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Marshall's Civic Band

Title U.S. Field Artillery March, The
Composer Sousa, John Philip Marshall’s
Civic Band
Topeka, KS
Est’d 1884
Number M-126
Type CB
Date 1918
Key Ab
Arranger Lake, Mayhew Lester John B. Marshall Length 0.00
Publisher Carl Fischer Vocal No
Association Military: Army Grade/Difficulty ?/?
Last Performed Unknown
Manuscript No
Style March Location  
Cataloger Alan Ukena
Date Cataloged 06/30/1993
Notes
Composed in 1917. "During Sousa's brief wartime service in the navy, he was 
invited to a luncheon meeting in New York with Secretary of the Navy Josephus 
Daniels and Army Lieutenant George Friedlander. Friedlander, of the 306th Field 
Artillery, asked Sousa to compose a march for that regiment, suggesting that the 
march be built around an artillery song then known by such names as 'The Caisson 
Song,' 'The Caissons Go Rolling Along,' and 'The Field Artillery Song.' The song 
was believed to be quite old, perhaps of Civil War origin, and had not been 
published; the composer was believed dead. 
    "Sousa liked the song and agreed to use it. He set it in a different key, 
changed the harmonic structure, refined the melody, gave it a more snappy 
rhythm, and added this to his own original material. The complete composition 
was then published as the 'U.S. Field Artillery' march. 
    "Sousa's touch added the spark necessary to transform the little-known 
artillery song into the army's most popular melody. The new march was eagerly 
adopted by the army's artillery units and later by the army as a whole.... 
"It came as quite a surprise to Sousa and Lieutenant Friedlander to learn that 
the composer of 'The Caisson Song' was still very much alive and that the song 
was less than ten years old. It had been written in March, 1908, by Lieutenant 
Edmund L. Gruber of the U.S. Army Field Artillery at Camp Stotsenburg, 
Philippine Islands. The piece was composed in the presence of at least two 
fellow officers who assisted in writing the lyrics. No doubt Lieutenant Gruber 
was even more surprised to find that his song, much revised, had skyrocketed to 
fame. He raised no objections to Sousa's use of the song, which was serving the 
army's purpose so admirably. 
    "Gruber's song had a peculiar history after the Sousa march was published.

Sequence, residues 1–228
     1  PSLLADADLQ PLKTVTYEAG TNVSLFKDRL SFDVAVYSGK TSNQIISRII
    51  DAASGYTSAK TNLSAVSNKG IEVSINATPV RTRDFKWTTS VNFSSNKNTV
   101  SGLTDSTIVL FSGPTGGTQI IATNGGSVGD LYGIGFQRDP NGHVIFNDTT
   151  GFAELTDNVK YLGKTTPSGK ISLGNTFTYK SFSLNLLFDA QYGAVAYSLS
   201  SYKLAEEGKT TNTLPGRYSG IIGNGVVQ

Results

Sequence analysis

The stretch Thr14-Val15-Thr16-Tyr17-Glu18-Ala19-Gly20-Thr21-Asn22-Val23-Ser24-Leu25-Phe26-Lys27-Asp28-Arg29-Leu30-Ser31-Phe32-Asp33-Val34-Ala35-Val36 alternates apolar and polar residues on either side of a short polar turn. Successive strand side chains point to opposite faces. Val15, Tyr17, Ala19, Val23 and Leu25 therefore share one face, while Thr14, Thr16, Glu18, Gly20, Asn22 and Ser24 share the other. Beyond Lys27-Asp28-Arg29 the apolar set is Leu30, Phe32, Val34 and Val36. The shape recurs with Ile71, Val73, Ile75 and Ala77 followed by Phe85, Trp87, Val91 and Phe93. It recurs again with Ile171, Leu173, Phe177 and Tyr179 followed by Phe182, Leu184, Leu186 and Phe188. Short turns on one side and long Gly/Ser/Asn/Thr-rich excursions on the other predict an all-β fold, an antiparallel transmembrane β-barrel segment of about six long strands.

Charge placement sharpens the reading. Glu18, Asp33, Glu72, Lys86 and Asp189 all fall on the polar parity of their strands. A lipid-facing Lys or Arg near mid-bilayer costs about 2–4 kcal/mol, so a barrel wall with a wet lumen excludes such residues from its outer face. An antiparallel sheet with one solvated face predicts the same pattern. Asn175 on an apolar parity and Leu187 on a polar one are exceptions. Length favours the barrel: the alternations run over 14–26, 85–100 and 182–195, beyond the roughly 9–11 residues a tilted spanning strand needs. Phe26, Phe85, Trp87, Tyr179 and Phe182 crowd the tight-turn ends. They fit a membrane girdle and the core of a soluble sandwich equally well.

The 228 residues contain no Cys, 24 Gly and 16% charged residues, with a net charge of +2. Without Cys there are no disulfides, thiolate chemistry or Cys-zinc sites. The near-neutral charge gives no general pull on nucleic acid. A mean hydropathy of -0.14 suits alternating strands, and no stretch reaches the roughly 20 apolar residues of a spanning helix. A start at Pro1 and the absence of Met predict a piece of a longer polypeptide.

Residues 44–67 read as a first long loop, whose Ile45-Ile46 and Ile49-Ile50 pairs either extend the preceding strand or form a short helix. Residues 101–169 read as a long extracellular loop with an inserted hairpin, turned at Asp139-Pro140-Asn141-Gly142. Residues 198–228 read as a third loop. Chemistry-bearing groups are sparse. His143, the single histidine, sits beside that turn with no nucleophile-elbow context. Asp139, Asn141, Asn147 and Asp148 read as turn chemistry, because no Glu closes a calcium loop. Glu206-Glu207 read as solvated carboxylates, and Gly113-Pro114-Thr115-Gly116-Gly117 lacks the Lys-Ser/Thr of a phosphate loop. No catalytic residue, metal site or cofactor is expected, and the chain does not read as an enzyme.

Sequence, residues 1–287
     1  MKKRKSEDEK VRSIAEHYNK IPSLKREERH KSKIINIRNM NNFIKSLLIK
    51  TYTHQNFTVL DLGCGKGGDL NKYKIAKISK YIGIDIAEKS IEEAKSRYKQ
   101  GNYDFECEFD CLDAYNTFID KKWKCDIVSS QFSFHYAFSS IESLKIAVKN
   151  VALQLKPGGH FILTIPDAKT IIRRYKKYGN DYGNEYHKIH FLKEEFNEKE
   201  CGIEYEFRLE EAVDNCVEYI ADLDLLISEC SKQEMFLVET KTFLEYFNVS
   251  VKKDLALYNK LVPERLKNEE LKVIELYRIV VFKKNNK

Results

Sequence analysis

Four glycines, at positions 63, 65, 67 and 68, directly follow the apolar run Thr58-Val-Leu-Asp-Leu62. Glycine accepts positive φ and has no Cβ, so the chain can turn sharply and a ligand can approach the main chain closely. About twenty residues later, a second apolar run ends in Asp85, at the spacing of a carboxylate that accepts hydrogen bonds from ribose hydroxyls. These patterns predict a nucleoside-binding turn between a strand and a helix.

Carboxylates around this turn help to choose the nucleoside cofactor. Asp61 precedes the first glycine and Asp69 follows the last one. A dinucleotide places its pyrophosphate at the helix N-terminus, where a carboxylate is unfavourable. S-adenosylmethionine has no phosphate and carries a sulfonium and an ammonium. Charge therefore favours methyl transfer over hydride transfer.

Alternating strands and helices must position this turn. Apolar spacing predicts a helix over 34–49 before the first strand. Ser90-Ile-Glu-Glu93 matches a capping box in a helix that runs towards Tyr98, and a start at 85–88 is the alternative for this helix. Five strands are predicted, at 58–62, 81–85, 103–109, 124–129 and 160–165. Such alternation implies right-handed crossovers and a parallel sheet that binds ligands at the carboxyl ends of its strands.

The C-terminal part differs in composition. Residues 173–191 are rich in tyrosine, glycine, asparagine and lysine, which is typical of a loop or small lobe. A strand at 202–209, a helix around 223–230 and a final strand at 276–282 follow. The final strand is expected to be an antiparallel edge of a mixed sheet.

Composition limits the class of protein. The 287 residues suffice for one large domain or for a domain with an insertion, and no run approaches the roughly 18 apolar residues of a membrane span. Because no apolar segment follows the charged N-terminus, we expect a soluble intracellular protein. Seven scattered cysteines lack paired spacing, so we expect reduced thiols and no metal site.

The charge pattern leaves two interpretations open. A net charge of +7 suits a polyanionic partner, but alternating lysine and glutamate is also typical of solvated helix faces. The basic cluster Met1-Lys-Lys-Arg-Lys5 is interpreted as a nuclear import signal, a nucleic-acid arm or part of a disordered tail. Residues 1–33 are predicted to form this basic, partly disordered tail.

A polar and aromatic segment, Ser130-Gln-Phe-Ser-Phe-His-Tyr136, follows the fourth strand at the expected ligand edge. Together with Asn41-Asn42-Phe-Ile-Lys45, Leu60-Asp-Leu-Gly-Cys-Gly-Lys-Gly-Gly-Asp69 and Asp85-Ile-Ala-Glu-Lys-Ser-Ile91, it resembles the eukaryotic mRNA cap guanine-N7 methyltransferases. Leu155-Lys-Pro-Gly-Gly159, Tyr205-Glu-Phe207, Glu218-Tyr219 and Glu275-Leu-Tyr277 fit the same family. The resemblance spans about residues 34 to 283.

Sousa's treatment of the melody had made it so attractive to several publishers 
that they fought over it. Shortly after the publication of the 'U.S. Field 
Artillery' march, the melody found its way into several song collections and 
became exceptionally popular during the 1920's. It is not known whether or not 
Gruber gave written permission for the use of his song in any of these 
publications, but he did permit its incorporation into a volume of West Point 
songs in 1921. 
    "The melody became even more popular when the Hoover Vacuum Cleaner Company 
adopted it as its sales song. The company added its own words and used it in 
radio advertising. Unaware of the song's origin, a Hoover salesman called on 
Mrs. Gruber in 1929 and attempted to sell her a sweeper. Mrs. Gruber informed 
him of the origin of Hoover's sales song and suggested that this entitled her to 
a sweeper, gratis. She received one, and her husband endorsed Hoover sweepers. 
This did not please certain artillery officers, who later asked Hoover to 
refrain from the use of what they considered their own exclusive song. 
    "When Gruber's personal application for a copyright of the song was denied 
in 1930, he gave up hope of ever claiming royalties. However, in 1942 the 
sponsors of the West Point publication reestablished their claim and brought 
suit against the E.C. Schirmer Company, another of the song's pubishers. The 
court ruled that the melody had in effect been dedicated to public use and that 
its widespread use for over thirty years with no substantial objection by the 
composer constituted a practical abandonment by the composer. This judgment was 
upheld in an appeal the following year. 
    "Gruber rose to the rank of brigadier general and died in active service in 
1941. He had composed over a hundred songs for his own enjoyment and had not 
expected any of them to reach Tin Pan Alley. But the one paraphrased by John 
Philip Sousa achieved a popularity beyond his wildest dreams. It glorified the 
U.S. Army Field Artillery, so it mattered little to him that many users of his 
melody made money while he received nothing. The time-honored manuscript of his 
original song now hangs in the library of the U.S. Army Artillery and Missile 
School at Fort Sill, Oklahoma." 
 
The Works of John Philip Sousa 
pgs. 93-94 
Paul E. Bierley 
Integrity Press 
1984 
      
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